Ross and Schneider
U.S. Commerce Secretary Wilbur Ross and Luxembourg Deputy Prime Minister Étienne Schneider shake hands after signing an agreement May 10 regarding space cooperation between the countries. Credit: LSA

WASHINGTON — The governments of the United States and Luxembourg, two of the biggest proponents of space commercialization, signed an agreement May 10 that could lead to greater cooperation between the two countries on a variety of space initiatives.

At a ceremony in Luxembourg, U.S. Commerce Secretary Wilbur Ross and Luxembourg Deputy Prime Minister Étienne Schneider signed a memorandum of understanding on space cooperation. That agreement, the Luxembourg government said in a statement, will “serve as a vehicle to establish a more formal dialogue, sharing of expertise and exchange of information” between the countries.

The agreement is intended to support cooperation on a wide range of topics, from space exploration and scientific research to space situational awareness and space commerce. “I don’t think there’s very much at all that’s been left out of this agreement,” Ross said.

Neither Ross nor Schneider said what topics would be addressed first under the agreement, but both emphasized their interest in supporting the growth of the space industries in their countries.

That has been a priority for the last few years in Luxembourg, which started the initiative in 2016 to attract startups in the emerging space resources field, such as asteroid mining companies. That initiative has since expanded to attract a wide range of entrepreneurial space ventures, and led to the establishment of a national space agency and a fund to invest in space companies.

“As a result of our space resources initiative, about 20 companies have already decided to join us over here in Luxembourg and put their European headquarters in Luxembourg,” Schneider said at the ceremony. The space industry accounts for about two percent of the country’s gross domestic product, he said, although that is driven primarily by the presence of global satellite operator SES.

One area of attention, Ross suggested, may be in legal issues related to commercial space activities. “It is really time to think through the commercial law needs of the space community,” he said, but didn’t elaborate on specific topics.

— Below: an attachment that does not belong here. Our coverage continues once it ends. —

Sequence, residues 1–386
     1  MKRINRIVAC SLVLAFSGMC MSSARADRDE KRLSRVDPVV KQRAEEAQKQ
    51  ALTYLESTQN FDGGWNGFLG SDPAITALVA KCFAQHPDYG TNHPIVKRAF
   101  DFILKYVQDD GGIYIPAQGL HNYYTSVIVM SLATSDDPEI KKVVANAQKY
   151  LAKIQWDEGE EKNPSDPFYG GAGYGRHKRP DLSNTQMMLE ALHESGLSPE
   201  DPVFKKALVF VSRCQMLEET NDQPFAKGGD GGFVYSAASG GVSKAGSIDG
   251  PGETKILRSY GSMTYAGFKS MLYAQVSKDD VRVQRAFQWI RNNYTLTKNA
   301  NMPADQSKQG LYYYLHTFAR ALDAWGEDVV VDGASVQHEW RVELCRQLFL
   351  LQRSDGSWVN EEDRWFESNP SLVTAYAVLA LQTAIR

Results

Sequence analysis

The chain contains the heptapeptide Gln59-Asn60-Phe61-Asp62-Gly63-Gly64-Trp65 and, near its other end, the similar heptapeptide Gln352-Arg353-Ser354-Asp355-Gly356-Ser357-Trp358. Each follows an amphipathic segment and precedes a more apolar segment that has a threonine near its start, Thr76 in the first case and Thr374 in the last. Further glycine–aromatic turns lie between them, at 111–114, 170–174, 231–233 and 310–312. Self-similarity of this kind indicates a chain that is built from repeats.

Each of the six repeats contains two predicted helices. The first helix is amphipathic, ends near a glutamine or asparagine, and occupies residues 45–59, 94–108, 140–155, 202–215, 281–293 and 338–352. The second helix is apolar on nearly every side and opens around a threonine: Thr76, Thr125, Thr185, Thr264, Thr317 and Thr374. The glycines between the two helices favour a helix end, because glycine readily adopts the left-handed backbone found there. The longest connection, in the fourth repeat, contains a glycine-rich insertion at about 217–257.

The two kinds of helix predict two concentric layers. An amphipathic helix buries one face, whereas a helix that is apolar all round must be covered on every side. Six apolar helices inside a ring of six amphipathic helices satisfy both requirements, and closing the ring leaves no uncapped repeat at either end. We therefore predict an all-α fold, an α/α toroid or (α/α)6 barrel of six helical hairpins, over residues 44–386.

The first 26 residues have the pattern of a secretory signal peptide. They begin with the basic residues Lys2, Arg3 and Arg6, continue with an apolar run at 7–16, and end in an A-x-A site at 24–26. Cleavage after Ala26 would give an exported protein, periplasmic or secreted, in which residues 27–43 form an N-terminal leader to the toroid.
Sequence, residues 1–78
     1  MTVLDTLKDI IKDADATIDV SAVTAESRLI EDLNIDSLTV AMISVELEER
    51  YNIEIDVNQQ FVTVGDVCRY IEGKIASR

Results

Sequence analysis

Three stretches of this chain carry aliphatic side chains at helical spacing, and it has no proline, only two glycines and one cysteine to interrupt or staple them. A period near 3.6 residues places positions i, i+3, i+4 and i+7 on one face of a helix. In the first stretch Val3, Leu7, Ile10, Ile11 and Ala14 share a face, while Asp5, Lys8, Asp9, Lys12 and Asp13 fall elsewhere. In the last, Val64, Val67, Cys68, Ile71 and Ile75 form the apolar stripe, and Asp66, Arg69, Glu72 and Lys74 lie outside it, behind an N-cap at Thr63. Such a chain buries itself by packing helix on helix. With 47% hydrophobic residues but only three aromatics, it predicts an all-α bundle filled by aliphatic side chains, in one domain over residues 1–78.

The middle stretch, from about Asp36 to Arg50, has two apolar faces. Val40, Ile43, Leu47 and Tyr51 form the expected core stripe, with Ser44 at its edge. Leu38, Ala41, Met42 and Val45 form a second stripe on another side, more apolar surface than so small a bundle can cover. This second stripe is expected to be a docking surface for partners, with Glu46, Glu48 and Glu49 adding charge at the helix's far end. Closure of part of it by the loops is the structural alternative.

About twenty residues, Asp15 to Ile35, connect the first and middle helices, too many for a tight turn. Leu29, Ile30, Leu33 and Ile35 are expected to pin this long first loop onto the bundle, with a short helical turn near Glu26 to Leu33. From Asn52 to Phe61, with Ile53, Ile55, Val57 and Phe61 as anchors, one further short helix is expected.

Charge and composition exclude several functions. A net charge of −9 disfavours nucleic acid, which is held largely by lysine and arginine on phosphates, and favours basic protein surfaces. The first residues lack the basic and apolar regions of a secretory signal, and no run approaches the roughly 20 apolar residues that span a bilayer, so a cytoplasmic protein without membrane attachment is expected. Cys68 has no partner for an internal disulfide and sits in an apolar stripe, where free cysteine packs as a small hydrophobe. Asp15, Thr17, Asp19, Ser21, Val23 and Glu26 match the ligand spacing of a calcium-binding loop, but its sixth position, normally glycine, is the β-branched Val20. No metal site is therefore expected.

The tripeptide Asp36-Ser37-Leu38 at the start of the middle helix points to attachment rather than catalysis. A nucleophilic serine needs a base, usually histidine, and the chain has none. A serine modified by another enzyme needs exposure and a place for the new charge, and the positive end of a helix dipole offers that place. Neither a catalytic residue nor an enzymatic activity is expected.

Both the United States and Luxembourg have passed laws about space resources, with the United States enacting the Commercial Space Launch Competitiveness Act in 2015 and Luxembourg following suit with its own space resources law in 2017. Both countries’ laws grant companies ownership of resources they extract from celestial bodies, although the American law applies only to those companies with majority American ownership, versus the Luxembourg law that applies to any companies operating in the country.

Space resource legislation, though, has become less of a priority given the financial problems faced by startups in the field. Deep Space Industries, one such startup, was acquired by Bradford Space in January after pivoting to smallsat technologies. Planetary Resources was acquired by a cryptocurrency company, ConsenSys, in October 2018, and its future plans remain unknown.

The Luxembourg government, through, had invested 12 million euros ($13.5 million) in Planetary Resources in 2016. However, it lost nearly all that investment when the company was purchased by ConsenSys.

Schneider alluded to that in response to a question at a brief press conference following the ceremony. “For sure, there will be further setbacks. There will always be setbacks if you’re going into a completely new field,” he said.

Jeff Foust writes about space policy, commercial space, and related topics for SpaceNews. He earned a Ph.D. in planetary sciences from the Massachusetts Institute of Technology and a bachelor’s degree with honors in geophysics and planetary science...